When you import shapefiles into GMS, SMS, or WMS, they will be loaded under the GIS module. Shapefiles can be imported just like any other file using the File | Open command, the Open File macro, or dragging the file icon on the interface. From there, you can use the conversion commands to move the shapefile data into other modules.

Exporting Shapefiles

Though GMS, SMS, and WMS have a lot of similarities they each vary from the other when it comes to saving a shapefile. In general DEMs, TINs, feature objects, and grids can be saved through the right-click menu in GMS; the file menu in SMS; and through both the right-click menu and file menu in WMS.

Export command

Shapefiles can be exported through the right-click menu.

  1. Right-click on the item in the Project Explorer and select Export to bring up the Export dialog.
  2. In this dialog you can change the "Save as type" to "Shapefile (*.shp)".

The following items can be exported as shapefiles.

  • TINs
  • 3D Grids
  • Feature Objects
  • DEMs

Shapefiles can be exported through the File menu.

  1. Select the item in the Project Explorer, then File | Save As to bring up the Save As dialog.
  2. In this dialog you can change the "Save as type" to "Shapefile (*.shp)".

The following items can be exported as shapefiles.

  • Scatter Sets
  • 2D Grids
  • Feature Objects
  • Raster Files

Shapefiles can be exported through the right-click menu and through the File menu.

  1. Select the item in the Project Explorer, then File | Save As to bring up the Save As dialog.
  2. In this dialog you can change the "Save as type" to "Shapefile (*.shp)".
  3. Alternatively, you can right-click and select Save As to bring up the same dialog.
The following items can be exported as shapefiles.
  • TINs
  • 2D Grids
  • Feature Objects
  • DEMs

Now that you know a little more about using shapefiles in XMS, try using them in your GMS, SMS, or WMS projects today!

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Understanding Projections vs. Reproject

Have you ever wondered what the difference between projection and reprojection is? Have you ever needed to convert a projection from one type to another in GMS, SMS, or WMS (collectively known as XMS)? The use of projections in WMS can be confusing, so the following should provide further clarification.

Specifying Projections

Projections can be associated with individual data objects, either in the object data file itself or in an associated *.prj file. If XMS cannot find a projection, the object will be left as "no projection," or, when new objects are created, XMS will assign the display projection to it. You can specify an object's projection by right-clicking on it and selecting Projection. Note that this projection must be the same as the original projection of the data; specifying an incorrect projection will result in data issues.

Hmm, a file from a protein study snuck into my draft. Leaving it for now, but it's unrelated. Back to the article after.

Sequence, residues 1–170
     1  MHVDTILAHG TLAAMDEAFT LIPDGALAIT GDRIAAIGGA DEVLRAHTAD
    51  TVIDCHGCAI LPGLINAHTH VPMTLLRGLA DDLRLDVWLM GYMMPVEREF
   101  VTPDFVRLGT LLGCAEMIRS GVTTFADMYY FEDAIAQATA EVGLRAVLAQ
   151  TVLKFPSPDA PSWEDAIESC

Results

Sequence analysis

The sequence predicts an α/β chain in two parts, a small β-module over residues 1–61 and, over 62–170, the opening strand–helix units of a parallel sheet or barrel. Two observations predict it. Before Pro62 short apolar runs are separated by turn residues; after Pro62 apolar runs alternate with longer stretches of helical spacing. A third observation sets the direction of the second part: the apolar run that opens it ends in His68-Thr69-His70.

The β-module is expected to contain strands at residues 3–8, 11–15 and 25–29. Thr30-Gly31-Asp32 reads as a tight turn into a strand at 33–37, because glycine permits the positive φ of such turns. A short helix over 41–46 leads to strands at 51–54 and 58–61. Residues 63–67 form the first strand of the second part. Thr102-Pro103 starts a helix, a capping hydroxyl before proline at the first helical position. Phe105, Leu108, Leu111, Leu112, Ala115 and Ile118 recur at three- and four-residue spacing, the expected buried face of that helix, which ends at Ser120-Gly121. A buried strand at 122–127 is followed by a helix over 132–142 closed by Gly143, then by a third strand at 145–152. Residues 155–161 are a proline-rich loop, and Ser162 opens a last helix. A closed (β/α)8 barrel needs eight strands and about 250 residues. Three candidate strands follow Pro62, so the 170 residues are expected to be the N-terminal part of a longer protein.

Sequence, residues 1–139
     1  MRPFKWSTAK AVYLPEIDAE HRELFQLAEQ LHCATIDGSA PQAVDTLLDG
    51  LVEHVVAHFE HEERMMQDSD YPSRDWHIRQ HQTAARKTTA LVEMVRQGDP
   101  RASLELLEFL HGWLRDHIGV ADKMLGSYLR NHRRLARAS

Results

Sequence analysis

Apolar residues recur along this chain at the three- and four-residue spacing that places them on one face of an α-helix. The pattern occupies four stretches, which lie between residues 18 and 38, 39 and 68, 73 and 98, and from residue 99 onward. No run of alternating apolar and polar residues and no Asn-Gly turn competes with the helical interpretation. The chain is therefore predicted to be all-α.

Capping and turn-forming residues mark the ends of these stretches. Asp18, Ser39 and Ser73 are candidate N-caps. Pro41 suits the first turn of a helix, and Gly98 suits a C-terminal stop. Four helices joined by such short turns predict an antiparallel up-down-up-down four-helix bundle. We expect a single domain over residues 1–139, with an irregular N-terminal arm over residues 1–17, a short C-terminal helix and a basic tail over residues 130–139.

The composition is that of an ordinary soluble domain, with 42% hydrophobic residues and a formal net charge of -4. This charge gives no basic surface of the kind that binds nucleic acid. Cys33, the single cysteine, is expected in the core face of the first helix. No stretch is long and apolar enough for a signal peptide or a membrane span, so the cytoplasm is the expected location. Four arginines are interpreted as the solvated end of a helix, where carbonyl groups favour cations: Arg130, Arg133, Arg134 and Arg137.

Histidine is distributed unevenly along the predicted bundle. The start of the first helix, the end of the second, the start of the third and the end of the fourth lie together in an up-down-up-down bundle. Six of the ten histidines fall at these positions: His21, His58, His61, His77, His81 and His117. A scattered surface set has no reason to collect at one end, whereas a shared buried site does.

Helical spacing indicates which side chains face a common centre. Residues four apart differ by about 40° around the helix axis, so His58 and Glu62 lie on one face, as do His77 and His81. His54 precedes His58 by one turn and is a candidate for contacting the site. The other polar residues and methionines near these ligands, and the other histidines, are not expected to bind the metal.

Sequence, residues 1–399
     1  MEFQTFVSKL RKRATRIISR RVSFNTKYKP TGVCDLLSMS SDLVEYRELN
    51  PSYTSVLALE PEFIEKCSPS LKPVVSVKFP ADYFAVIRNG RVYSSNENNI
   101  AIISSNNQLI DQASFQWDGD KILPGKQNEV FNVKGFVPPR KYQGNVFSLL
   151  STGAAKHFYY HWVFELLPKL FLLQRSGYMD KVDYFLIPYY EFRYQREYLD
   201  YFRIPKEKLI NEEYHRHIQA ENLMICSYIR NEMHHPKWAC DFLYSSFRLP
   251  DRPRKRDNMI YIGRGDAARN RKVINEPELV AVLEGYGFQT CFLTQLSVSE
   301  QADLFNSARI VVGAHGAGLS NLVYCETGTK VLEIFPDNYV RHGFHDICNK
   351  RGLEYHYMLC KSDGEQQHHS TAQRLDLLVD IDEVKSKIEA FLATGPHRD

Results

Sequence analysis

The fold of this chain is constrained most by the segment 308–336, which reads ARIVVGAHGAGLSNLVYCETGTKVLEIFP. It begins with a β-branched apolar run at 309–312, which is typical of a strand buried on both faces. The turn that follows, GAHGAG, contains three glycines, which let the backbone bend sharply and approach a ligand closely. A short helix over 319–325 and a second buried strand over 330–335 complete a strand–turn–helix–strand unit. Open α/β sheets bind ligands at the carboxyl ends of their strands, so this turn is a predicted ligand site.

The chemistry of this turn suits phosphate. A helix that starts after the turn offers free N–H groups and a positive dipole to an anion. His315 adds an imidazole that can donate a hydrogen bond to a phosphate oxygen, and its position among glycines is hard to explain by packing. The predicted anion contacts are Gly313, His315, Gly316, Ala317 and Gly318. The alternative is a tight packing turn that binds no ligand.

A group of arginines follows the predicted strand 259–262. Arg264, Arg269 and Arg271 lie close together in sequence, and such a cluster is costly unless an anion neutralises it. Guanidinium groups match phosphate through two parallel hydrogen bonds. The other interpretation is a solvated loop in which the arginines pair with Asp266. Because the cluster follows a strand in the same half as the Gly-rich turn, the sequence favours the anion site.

Reprojecting on the Fly

"Reprojecting on the Fly" occurs when datasets or objects from multiple projections are loaded into a project, where the x and y values would not otherwise overlap (i.e., the data would be displayed in two or more distinct locations). The different projections for these data will be "reprojected on the fly" to match the display projection such that the data objects will line up. Note that this does not change any *.prj files or the projections that are set for each object; it is an automatic function internal to XMS used for display purposes.

Converting a Projection

If you need to convert from one projection to another, this can be done by right-clicking on it and choosing Reproject. To use this command, the data must first have the correct projection specified. After choosing Reproject, the command will prompt the user to select a new projection, the data will be converted to the selected projection. If a *.prj file is associated with the object (such as a TIFF), reprojecting the object will change the *.prj file. Reprojection on the fly is usually sufficient for most applications. Please note that there are some limitations for reprojecting.

Reporject Dialog Example

Once the datasets are referencing their projection correctly, XMS should reproject them on the fly to match your display projection. If you don't have a display projection set, you can do so by selecting the Display menu and choosing Projection. At that point, if you would like to reproject your scatter(s) into the same projection as the display projection, you would be able to do so.

Now that you see the differences between projection vs. reproject try them out in XMS today!